I’m going to republish, albeit without formal permission to so do, a recent item on Mother Nature News. (I’m leaving out the photographs that were carried on the Mother Nature News article.)
Simply because when we stayed for the night at The Flute Shop, in Torrey, Utah, the owner had his own blind dog. I took the following photo of him but unfortunately we didn’t get his name!
But it does seem fitting to republish the article that appeared on MNN. If they object then the article will be removed forthwith!
8 things to know when adopting a blind dog
MARY JO DILONARDO
October 2, 2019.
When I take a walk with that little fluff ball of a foster puppy above, we don’t get very far. It’s not because Galen is blind. It’s because everyone wants to stop and pet him because he’s so darn cute.
I’m fostering Galen for Speak! St. Louis, a rescue that specializes in blind and/or deaf dogs. He’s my second special needs foster puppy. My first, Whibbles Magoo, was blind and deaf, which was a little more challenging. Both of them are double merles. Merle is a beautiful mottled pattern in a dog’s coat. Some disreputable breeders will breed two merles together hoping to get merle puppies. Those puppies have a 25% chance of being double merle — which results in a predominantly white coat and usually means they have hearing or vision loss or both.
As I’ve been talking to potential adopters, there have been so many questions about how to prepare for a blind dog. It’s like getting ready for a sighted pup, but with a little extra special planning.
Create a safe zone
Whether your new blind pal is a puppy or an adult dog, you’ll want to make an area for him where he feels safe. It should be a place where he can’t hurt himself or anything in your home and where he feels comfortable. Some people gate off a room in their homes or use a pen and crate.
I work from home, so Galen has a metal exercise pen surrounding a crate in my office. He can sprawl out or play in his pen or sleep in his crate. He has toys and there’s plenty of room for him to do what he wants, but he can’t gnaw on baseboards or electrical cords. At night, I put him in the crate to sleep.
Blind-proof your home and yar
Look for any sharp edges or stairs where your pup could get into trouble. Install baby gates to block off rooms or staircases. A recent applicant climbed around her home on her hands and knees to see what perils might be at Galen’s level.
Consider using carpet runners and mats to define specific areas. At our house, there’s one at the back door, one near the kitchen and a runner that goes down the hallway to the office. When I recently cleaned the kitchen floor and picked up the mats, Galen stood frozen and confused in the room as if his world was turned upside-down. When I placed the mats back down, he raced around again, now that everything had returned to normal.
Similarly, make sure your yard doesn’t have any hazards and is securely fenced. If you have a pool, fountain or electrical outlets, be sure they are puppy-proofed with fences, gates or locks. Walk your dog on a leash for the first few days and stay nearby after that until you know he has the yard mapped. Once he does, you’ll be amazed at how deftly he will navigate. Galen zooms around the yard, avoiding bushes and fences, gleefully running at full speed.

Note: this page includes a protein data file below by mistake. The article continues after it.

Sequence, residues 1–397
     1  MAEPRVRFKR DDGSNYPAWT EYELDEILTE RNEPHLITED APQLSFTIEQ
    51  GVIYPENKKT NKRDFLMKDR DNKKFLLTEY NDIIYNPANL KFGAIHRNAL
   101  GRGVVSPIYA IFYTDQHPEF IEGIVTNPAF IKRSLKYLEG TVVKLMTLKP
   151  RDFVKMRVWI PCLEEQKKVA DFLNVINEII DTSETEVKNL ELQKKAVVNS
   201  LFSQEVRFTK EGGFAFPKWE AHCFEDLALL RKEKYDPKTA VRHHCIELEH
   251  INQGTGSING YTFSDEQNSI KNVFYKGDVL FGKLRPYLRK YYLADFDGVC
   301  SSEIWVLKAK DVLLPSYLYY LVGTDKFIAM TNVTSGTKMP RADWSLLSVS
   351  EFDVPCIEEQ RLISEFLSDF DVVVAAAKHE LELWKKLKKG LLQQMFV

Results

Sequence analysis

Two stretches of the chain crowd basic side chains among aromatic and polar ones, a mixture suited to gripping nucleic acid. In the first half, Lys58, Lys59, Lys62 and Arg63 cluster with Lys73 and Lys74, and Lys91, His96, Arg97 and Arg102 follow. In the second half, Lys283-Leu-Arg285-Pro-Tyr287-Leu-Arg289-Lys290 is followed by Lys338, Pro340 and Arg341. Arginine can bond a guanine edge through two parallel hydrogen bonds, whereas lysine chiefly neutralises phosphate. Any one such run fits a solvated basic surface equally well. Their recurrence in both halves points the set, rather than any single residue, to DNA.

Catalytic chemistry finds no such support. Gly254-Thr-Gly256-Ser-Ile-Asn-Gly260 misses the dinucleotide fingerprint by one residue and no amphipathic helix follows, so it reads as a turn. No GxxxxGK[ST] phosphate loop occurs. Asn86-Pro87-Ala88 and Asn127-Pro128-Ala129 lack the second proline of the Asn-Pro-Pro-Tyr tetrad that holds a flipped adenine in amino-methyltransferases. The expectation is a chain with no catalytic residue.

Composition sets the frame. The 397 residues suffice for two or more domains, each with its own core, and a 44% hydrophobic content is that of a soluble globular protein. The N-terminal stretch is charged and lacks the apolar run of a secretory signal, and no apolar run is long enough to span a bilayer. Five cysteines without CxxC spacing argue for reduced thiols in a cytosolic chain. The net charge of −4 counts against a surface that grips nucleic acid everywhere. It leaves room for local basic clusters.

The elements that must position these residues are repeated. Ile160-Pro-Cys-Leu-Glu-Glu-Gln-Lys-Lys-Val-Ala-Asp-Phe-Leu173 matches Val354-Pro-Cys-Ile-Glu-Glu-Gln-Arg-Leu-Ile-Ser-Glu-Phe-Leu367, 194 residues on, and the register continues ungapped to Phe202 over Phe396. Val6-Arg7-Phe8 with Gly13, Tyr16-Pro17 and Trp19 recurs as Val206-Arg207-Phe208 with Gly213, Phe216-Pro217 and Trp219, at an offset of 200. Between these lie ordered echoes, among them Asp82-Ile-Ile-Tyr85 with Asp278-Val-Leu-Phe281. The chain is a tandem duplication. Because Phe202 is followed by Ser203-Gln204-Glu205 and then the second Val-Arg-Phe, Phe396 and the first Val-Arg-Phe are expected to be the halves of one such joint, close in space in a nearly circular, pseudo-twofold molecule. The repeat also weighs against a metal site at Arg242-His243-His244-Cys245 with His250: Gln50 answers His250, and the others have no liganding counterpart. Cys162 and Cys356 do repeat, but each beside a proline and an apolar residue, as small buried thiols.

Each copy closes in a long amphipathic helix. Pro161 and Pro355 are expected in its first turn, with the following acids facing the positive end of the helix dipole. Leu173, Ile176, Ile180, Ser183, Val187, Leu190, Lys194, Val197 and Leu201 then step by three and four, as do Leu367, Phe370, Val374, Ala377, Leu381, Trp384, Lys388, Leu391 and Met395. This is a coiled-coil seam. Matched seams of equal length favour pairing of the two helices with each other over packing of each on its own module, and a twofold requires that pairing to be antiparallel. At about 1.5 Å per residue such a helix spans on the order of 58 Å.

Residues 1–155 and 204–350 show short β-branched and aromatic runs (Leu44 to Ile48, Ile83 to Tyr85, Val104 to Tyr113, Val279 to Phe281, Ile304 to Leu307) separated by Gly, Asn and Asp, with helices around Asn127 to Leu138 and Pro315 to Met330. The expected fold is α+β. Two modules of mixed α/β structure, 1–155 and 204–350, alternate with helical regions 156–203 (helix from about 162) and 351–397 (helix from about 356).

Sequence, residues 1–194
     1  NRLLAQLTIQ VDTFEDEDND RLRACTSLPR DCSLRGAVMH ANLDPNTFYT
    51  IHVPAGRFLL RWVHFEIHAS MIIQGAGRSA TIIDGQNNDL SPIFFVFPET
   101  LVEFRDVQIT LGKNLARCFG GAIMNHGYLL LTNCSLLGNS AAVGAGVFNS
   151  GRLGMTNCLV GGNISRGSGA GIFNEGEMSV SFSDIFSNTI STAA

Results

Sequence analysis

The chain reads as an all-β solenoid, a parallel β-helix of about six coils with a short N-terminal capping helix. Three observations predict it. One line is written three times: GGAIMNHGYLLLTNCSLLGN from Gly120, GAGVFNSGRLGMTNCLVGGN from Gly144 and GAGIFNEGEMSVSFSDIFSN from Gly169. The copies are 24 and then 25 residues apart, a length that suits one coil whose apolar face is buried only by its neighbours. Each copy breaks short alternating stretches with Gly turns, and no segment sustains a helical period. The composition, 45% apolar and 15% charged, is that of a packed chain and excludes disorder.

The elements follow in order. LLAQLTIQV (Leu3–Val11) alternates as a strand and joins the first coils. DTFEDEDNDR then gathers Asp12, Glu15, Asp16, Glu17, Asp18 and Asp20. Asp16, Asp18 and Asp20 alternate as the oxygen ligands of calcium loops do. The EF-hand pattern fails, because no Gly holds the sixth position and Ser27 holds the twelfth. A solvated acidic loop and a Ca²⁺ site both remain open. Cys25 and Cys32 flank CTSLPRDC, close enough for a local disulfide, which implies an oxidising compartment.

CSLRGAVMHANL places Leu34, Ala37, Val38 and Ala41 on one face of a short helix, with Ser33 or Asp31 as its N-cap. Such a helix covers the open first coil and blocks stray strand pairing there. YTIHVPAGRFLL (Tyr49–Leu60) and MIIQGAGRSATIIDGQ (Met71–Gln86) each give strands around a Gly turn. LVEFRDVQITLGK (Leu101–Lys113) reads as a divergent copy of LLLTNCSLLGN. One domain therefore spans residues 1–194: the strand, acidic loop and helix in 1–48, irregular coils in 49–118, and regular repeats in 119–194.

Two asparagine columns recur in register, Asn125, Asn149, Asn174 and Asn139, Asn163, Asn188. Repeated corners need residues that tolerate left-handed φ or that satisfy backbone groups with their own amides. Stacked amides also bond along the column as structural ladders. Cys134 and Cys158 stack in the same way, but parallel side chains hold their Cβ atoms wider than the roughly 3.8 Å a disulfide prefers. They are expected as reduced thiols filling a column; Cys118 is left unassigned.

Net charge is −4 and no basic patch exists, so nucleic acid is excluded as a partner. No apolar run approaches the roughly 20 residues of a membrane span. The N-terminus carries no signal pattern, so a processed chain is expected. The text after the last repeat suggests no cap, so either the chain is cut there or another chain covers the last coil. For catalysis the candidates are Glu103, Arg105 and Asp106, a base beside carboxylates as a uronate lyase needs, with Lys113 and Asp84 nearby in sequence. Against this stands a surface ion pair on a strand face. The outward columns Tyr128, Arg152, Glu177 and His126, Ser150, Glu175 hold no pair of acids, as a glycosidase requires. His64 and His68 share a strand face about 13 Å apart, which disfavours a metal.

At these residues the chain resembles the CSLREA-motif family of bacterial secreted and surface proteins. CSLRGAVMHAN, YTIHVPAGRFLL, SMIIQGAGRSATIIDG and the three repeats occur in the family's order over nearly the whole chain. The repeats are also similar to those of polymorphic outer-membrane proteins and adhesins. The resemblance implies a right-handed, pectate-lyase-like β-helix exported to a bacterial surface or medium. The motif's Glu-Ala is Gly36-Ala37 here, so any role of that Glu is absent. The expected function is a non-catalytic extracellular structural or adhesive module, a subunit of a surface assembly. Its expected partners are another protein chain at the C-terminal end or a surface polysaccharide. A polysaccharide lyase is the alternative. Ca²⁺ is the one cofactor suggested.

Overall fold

Resist the urge to move things around. Keep the things at dog eye-level where they are so as not to confuse your dog. Your pet will learn landmarks and maneuver around them, quickly learning the locations of doors, walls, furniture and anything that could potentially be in his way. Be careful about remembering to push in chairs or ottomans after using them so they don’t become new obstacles.
Work on training
It’s always smart to take training classes with a new dog, but especially important to work on training with a special-needs pup. It’s key that you have a strong bond, and working on games and commands is an excellent way to get there. One of the first commands to teach is “watch!” whenever your dog is about to get too close to something like a wall, a bush or even your legs. You’ll find that soon he’ll put on the brakes when you say it.
When a dog doesn’t have one sense, his other senses are often heightened. He may be really tuned in to smells so you might want to try playing games that use stinky treats to get his attention. (I use soft treats that I can cut up in small pieces like venison and even watermelon-flavored dog treats.) Using a snuffle mat is also a good way to serve meals because it works on your dog’s sense of smell. It’s a homemade toy that lets them use their noses to sniff for treats or their dinner.
A note on scents and devices
If you research blind dogs, you’ll find suggestions that you mark certain areas of your home with unique scents. Maybe the back door is marked with a drop of vanilla and your pet’s feeding area has a dash of peppermint. But your dog’s sense of smell is remarkable and he’ll be able to smell his water (and food!) and he’ll quickly figure out the back door and bed and toys. Everything already has its own special smell. One story I read suggested that an owner always wear the same body lotion or perfume, but as a rescue friend pointed out: We all have our own personal odor. Your dog isn’t going to get you confused with anyone else.